With their 1993 debut album, Pablo Honey, British band Radiohead was just starting to forge their interesting sound which brought them much fame later on in the decade. However, in the heavily saturated alternative climate of the early nineties, the album was not given much initial attention until the lead single “Creep” began to gain popularity. That song was written by vocalist and guitarist Thom Yorke in the late 1980s and best symbolized the internalized and tortured themes of angst and alienation in the band’s lyrics. These were brought to life by the dynamically layered strumming fury of a three guitar crunch, strumming fury of their guitar work and the dynamism of their whisper-to-a-scream song structures was the Radiohead sound musically.
The band evolved from a group called On a Friday in Oxford, England in the early 1990s, which included Yorke and brothers Jonny Greenwood on guitar and keyboards and Colin Greenwood on bass. After signing with EMI/Parlophone, the group changed their name to Radiohead and released an EP named Drill in mid 1992. Some critics dubbed the band’s early style as “Nirvana-lite”, which the group actively sought to remedy.
The album was produced by the team of Sean Slade and Paul Q. Kolderie in the autumn 1992 and achieves a sound that is both visceral and intelligent. Since the material used was drawn from material the band had been playing for years, the sessions were completed very quickly. Still, Pablo Honey represents only a small subset of their early material and was described by a band member as their ‘greatest hits as an unsigned band’.
Pablo Honey by Radiohead
|Released: February 22, 1993 (Parlophone)
Produced by: Sean Slade & Paul Q. Kolderie
Recorded: Chipping Norton and Courtyard Studios, Oxfordshire, England, Sep-Nov 1992
|Track Listing||Band Musicians|
How Do You?
Thinking About You
Anyone Can Play Guitar
|Thom Yorke – Lead Vocals, Guitars
Jonny Greenwood – Guitars, Piano, Organ
Ed O’Brien – Guitars, Vocals
Colin Greenwood – Bass
Phil Selway – Drums
After the picked and pretty notes of the opener “You”, the radio and video hit “Creep” brings the album to life. Led by the upbeat, almost jazzy bass of Colin Greenwood and drums of Phil Selway during the verse, the heavy noise over chorus is previewed a bit early by a great effect by Jonny Greenwood. Rumour has it, this was initially an attempt to “ruin” this song which he he did not like, but became a great happy accident.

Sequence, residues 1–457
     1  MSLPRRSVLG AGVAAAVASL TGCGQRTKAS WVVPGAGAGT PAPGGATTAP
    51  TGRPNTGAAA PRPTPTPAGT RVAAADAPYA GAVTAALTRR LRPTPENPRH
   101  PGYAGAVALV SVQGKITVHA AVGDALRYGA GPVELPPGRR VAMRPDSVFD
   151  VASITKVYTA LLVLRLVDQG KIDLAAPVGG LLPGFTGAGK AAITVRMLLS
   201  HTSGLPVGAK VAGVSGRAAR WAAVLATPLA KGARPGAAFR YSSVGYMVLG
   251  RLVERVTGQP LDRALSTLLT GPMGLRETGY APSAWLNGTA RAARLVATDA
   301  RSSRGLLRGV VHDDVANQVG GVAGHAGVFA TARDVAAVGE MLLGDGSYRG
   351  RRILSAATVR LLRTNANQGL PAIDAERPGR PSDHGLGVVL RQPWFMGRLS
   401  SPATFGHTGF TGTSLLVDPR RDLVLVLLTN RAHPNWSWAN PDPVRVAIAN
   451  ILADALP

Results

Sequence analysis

“How Do You?” is like punk with excess twangy guitars and contains a snippet of the Jerky Boys skit which gave the album its title. “Stop Whispering” never really leaves the main riff and only the drum shuffle by Selway rescues the song from being mundane. Still the song, written as a tribute to the group the Pixies, reached the Top 25 of the Mainstream Rock charts. The strummed acoustic of “Thinking About You” gives the album some diversity early on and is Yorke’s best vocal performance, brought out by sparse arrangement.
“Anyone Can Play Guitar” is driven mainly by the bass riff of Colin Greenwood, offbeat drums, and the later triple-layered guitars from Yorke, Jonny Greenwood, and Ed O’Brien. The song was the second single from the album but made relatively little impression on the charts. On “Ripcord” the chorus descends nicely and melodically while verse alternates between strummed and crunchy riffs.
Through the album’s stretch run it settles into a nice groove with moderately interesting tunes. Some highlights include the almost country/blues electric picking of “Vegetable”, the high register vocals of “Prove Yourself”, and the good, moderate sound of “Lurgee” with dual picked guitars, quality bass and drums, and a some compositional restraint. “Blow Out” makes for an apt and interesting closer, with a jazzy overall vibe, duet vocals, and intense interludes between sections with wild guitar effects by Johnny Greenwood.
Following the release of Pablo Honey, the band would digress from its alternative influences and evolve towards more expansive and experimental works. The album topped off at number 22 on the UK charts and never really made much critical or a commercial waves until the success of future albums.
Part of Classic Rock Review’s celebration of 1993 albums.
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